“They spent about $37 million in our area alone,” says Miller. It was also organized chaos as Miller, the newbie Fixer, worked out of her restaurant to find locations, equipment and craftspeople to meet the never-ending list of urgent demands. The filmmakers also holed up in the cafe because there was the space and, more importantly, food.

“I remember being in there, trying to find bulldozers and here was John McTiernan, one of the world’s biggest directors, helping serve customers because I was on the phone. He thought it was fun,” Miller says.

It wasn’t long after that when Miller closed the restaurant and opened the North Island Film Commission in the same space. In the following years she took more courses, met with other commissioners, travelled to conferences, held local workshops to help train people who wanted to enter the movie business, and compiled a comprehensive portfolio of potential film locations for the North Island.

“We have fabulous locations in our region!” she states. Soon, Miller’s reputation as a great Fixer – make that film commissioner – spread. In the coming years, crews arrived from around the world to film commercials, more movies and scenes, and an array of nature and wildlife documentaries. “Right now we’re coming into documentary season,” she points out.

Her reputation also grew among the 330 film commissions scattered around the globe. For the last 10 years, Miller was on the Association of Film Commissioners International and stepped down as 1st vice-president this past January after helping organize the conference in South Korea.

It was on the board where Miller made many important contacts with people like Michael Uslan, an executive producer of the Batman franchise, who was recently in Campbell River – on Miller’s invitation – for the 25th anniversary screening of Batman.

Her resignation from the board doesn’t mean Miller is stepping back from her duties. Rather, she sees it as opportunity to utilize her relationships with producers, directors, independent filmmakers and creative people to bring their expertise to the Island. Specifically, Miller is devoting more time and energy to the Campbell River Creative Industries Council, “whose aim is to incubate and accelerate the growth of a cluster of creative industries in our community.”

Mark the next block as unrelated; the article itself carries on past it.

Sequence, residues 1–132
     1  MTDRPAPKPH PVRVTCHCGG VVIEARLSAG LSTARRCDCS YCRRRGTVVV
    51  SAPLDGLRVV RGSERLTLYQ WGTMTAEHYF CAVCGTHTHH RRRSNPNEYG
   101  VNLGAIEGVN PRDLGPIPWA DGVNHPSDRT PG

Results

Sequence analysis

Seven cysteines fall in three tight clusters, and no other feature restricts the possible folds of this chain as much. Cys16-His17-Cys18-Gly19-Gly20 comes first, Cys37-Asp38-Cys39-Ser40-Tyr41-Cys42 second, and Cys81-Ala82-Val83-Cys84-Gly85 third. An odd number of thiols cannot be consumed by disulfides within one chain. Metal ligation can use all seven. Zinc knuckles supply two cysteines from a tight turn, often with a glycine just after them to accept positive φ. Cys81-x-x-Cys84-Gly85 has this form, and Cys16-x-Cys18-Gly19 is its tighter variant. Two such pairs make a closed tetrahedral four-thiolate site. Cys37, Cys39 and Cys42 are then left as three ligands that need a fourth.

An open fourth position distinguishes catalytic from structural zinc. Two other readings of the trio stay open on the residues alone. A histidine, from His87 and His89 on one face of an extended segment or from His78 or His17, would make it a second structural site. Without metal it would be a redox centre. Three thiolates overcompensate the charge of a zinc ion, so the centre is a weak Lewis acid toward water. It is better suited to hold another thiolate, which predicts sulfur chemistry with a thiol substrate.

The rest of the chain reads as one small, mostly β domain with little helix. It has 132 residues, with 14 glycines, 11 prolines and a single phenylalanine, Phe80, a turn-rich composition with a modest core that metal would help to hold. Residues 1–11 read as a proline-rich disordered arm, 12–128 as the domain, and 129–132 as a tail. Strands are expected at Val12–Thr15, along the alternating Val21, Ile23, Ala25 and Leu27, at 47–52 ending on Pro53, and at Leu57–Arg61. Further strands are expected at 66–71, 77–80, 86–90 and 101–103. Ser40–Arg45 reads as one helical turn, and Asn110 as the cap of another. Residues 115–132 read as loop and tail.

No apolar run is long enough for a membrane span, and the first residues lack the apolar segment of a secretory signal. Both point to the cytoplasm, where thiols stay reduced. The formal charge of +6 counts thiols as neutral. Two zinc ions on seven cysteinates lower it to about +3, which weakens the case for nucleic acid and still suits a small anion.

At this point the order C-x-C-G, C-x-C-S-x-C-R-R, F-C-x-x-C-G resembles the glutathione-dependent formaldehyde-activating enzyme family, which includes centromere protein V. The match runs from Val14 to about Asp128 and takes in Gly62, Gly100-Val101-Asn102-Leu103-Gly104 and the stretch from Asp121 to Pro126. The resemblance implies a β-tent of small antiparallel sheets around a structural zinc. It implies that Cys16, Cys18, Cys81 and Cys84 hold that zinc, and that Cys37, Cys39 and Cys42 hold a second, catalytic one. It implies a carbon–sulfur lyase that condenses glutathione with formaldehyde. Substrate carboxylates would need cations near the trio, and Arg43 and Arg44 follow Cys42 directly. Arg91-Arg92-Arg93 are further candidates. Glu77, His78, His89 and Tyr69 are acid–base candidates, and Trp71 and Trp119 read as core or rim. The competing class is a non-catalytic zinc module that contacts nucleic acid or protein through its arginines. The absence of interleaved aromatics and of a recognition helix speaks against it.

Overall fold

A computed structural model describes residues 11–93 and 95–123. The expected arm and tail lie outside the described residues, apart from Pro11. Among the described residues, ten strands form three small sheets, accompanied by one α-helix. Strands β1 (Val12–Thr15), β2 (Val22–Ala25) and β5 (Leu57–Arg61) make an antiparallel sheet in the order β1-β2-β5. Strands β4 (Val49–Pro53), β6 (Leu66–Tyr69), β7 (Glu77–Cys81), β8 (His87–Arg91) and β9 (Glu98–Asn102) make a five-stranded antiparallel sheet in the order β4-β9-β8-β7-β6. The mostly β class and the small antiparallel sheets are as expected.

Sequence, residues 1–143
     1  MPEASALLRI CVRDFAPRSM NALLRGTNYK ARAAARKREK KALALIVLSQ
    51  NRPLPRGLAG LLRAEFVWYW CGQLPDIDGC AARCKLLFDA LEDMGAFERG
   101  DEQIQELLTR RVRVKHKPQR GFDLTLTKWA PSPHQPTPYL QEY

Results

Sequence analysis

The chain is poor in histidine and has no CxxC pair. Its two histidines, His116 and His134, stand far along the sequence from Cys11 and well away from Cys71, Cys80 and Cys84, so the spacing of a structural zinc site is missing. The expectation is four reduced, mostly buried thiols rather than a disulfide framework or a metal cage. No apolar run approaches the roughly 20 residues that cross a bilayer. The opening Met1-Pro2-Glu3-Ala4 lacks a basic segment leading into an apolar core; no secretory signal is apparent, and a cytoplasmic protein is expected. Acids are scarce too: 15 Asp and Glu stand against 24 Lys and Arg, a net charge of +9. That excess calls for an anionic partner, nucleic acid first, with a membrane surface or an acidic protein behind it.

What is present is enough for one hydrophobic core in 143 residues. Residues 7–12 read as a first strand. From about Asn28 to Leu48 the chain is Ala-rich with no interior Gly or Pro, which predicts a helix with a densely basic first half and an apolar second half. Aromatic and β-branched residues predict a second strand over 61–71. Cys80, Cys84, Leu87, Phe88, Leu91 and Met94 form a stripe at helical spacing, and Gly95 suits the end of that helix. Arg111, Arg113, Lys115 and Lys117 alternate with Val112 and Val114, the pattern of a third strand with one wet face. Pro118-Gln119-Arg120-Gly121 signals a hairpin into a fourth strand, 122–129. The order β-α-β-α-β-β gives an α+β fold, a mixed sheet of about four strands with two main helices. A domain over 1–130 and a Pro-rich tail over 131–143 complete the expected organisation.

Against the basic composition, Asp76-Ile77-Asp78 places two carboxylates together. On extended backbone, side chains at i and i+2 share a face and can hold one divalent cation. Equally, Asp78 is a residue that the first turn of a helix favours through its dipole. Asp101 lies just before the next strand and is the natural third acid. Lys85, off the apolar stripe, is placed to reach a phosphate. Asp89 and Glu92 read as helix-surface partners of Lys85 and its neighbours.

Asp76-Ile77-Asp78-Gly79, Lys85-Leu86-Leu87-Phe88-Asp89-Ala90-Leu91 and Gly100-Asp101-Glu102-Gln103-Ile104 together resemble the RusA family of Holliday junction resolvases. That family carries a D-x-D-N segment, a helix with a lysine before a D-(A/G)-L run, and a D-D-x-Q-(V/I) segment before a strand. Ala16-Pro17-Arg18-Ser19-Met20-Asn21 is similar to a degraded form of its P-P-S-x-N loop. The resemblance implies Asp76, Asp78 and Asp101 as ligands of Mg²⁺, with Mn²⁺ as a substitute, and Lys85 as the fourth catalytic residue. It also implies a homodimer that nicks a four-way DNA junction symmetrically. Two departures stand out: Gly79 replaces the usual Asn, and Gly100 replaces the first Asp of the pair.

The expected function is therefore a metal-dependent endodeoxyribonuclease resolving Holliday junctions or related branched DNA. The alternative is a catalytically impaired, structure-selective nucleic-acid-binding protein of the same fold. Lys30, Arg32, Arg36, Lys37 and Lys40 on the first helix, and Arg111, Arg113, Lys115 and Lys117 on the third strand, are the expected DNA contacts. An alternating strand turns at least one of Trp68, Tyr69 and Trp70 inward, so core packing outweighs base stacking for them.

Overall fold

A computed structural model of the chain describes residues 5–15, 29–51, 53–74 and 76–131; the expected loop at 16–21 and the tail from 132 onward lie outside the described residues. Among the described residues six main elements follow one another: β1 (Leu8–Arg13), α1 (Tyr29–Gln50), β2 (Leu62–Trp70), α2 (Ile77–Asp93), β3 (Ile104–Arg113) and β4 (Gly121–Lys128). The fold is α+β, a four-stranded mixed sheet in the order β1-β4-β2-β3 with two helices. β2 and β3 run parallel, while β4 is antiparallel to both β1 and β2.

And they’re doing this by bringing businesses and creative people together to find innovate ways to make video, games, movies and more. This proactive approach, she believes, will help attract even more projects to the area.

“We had to go out and build an international market because that’s the way the world works,” she says. “Otherwise you’re playing the waiting game, waiting for productions to come to you and that doesn’t work well.”

At home in Campbell River, Miller relaxes in her living room, surrounded by  local paintings of fishing boats and First Nations art, but it’s the back garden where she can work in the earth, relax and enjoy the plants and flowers. But it’s never too long before someone calls asking The Fixer to get something done… right now!

“My Rolodex is wild! In the middle of the night who are you going to call? You just get things done,” she says.

Other movies supported by INfilm:

• Insomnia (2002), Port Alberni, starring Al Pacino, Robin Williams and Hillary Swank.

• Trapped (2002), Comox Valley, starring Charlize Theron, Courtney Love and Kevin Bacon.

  Final Destination (2003), Campbell River, starring Ali Larter.

  National Lampoon’s Going The Distance (2004), Saratoga Beach.

  Are We There Yet (2005), Comox Valley, staring Ice Cube.

  Godzilla (2014), Nanaimo.

Learn more at www.infilm.ca